London’s Underground (The Tube)


7 July 2014

Tottenham Court Road Station Alert

Work on the tube station should be completed in 2016 and Crossrail service (a new service) should begin in 2018.

The Tube


The Tube may not suitable for many people with disabilities. Although many stations have lifts and escalators, many do not. Even those that have such, access to portions of the station and platforms may require stairs. Please check with TfL for details.

Service Routes

There are 12 underground lines serving London: Bakerloo, Central, Circle, District, East London, Hammersmith & City, Jubilee, Metropolitan, Northern, Piccadilly, Victoria, and Waterloo & City. The Docklands Light rail (DLR) and London Overground lines are published on most tube maps. There are 9 travel zones starting with zone 1 in central London and moving outwards. Most tourists typically can see it all in zones 1 & 2.

The Tube

The tube is, in a word, exciting. Thousands of people scurrying down escalators hundreds of feet below the street and running through metal tubes to catch a train to places afar. The tube works best for you if you need to get across town but it is not bad for short hops either. If you are lucky you can reach your destination using one line. Sometimes you may need to switch lines and this can be an event in itself. Some stations require a bit of a walk (escalators too) between lines. This can be breathtaking at rush hour.

How to Find Your Way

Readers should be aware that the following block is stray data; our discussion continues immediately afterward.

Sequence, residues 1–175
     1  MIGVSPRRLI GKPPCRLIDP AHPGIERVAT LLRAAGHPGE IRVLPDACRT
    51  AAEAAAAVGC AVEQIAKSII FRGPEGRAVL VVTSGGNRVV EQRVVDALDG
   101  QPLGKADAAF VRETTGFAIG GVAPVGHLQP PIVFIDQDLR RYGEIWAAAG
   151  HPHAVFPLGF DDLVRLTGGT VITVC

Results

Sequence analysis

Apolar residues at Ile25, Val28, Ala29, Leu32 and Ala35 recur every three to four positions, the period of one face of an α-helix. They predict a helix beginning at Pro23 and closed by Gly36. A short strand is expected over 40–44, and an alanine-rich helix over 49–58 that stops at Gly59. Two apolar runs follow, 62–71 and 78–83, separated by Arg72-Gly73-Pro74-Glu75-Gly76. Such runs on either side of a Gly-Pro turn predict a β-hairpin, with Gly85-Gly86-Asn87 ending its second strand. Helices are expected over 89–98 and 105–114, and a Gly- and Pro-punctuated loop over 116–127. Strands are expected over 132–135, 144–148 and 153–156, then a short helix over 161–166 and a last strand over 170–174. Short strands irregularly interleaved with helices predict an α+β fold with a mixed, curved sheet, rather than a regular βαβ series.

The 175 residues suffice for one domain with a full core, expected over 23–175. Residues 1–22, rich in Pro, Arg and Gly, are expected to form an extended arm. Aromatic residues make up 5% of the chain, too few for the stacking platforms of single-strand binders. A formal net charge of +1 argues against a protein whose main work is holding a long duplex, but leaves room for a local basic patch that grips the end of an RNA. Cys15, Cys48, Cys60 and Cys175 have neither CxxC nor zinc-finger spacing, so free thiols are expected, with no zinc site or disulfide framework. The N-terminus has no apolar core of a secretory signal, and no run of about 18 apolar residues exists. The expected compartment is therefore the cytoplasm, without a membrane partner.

It is best to start with your trip with a Journey Planner or other map with a tube map included. This will display the lines and stations. The nice thing about the tube map is that all lines are color-coded. To plan your journey look at the station you are near and find the one you want to go to. This will show the line or station that you need to change for. When you walk through a station you will see a display of the line with all of the stations. Typically there will be one for eastbound and westbound travel. Just look for your station and follow the signs.

A Journey Planner is a small foldable underground system map. It shows all the routes and stations along with other important information such as which stations are wheelchair accessible. The Jubilee line is the newest and it and the Dockland Light Railway should be fully accessible. The problem with many of the older stations is that they have stairs with or without escalators but no lifts.

Some words about the mind the gap saying, if you please. Some stations have a curved platform that does not allow the train to fit right next to the platform. A gap can exist between the car and the platform at the door. This can be dangerous as one can fall between the crack. Transport for London staff is on hand to remind us to mind the gap.

Service Area

This is on hold right now.

Luggage in Transit

There is little to no room on a carriage for luggage. Unlike some rail cars there are no overhead racks. The only space is near the doors and one cannot be assured to be near ones bags. Just deal with this and keep an eye on yours but they will be ok. One would think that since the Piccadilly line serves 5 terminals at Heathrow luggage space would be a consideration.

Connections

The tube is a vast network and they connect to all rail stations in central London. Check your journey planner or the information at the stations.

Heathrow Airport

The Piccadilly line serves all five terminals at Heathrow. Expect a journey time of 1 to 1½ hours from central London in the afternoon. The carriages have limited space near the doors for luggage and don’t expect to sit next to yours. You can buy your ticket near the platforms at Heathrow.

A Travel Card or Visitor Travel Card can be used for service to/from Heathrow but only if it is valid for the zone 6. If you are going to central London (Zone 1) your card needs to be valid for Zones 1 – 6. It would be cheaper to buy your card for the zones you expect to be in, such as zone 1 or 1 & 2 and pay the fare from the airport separately.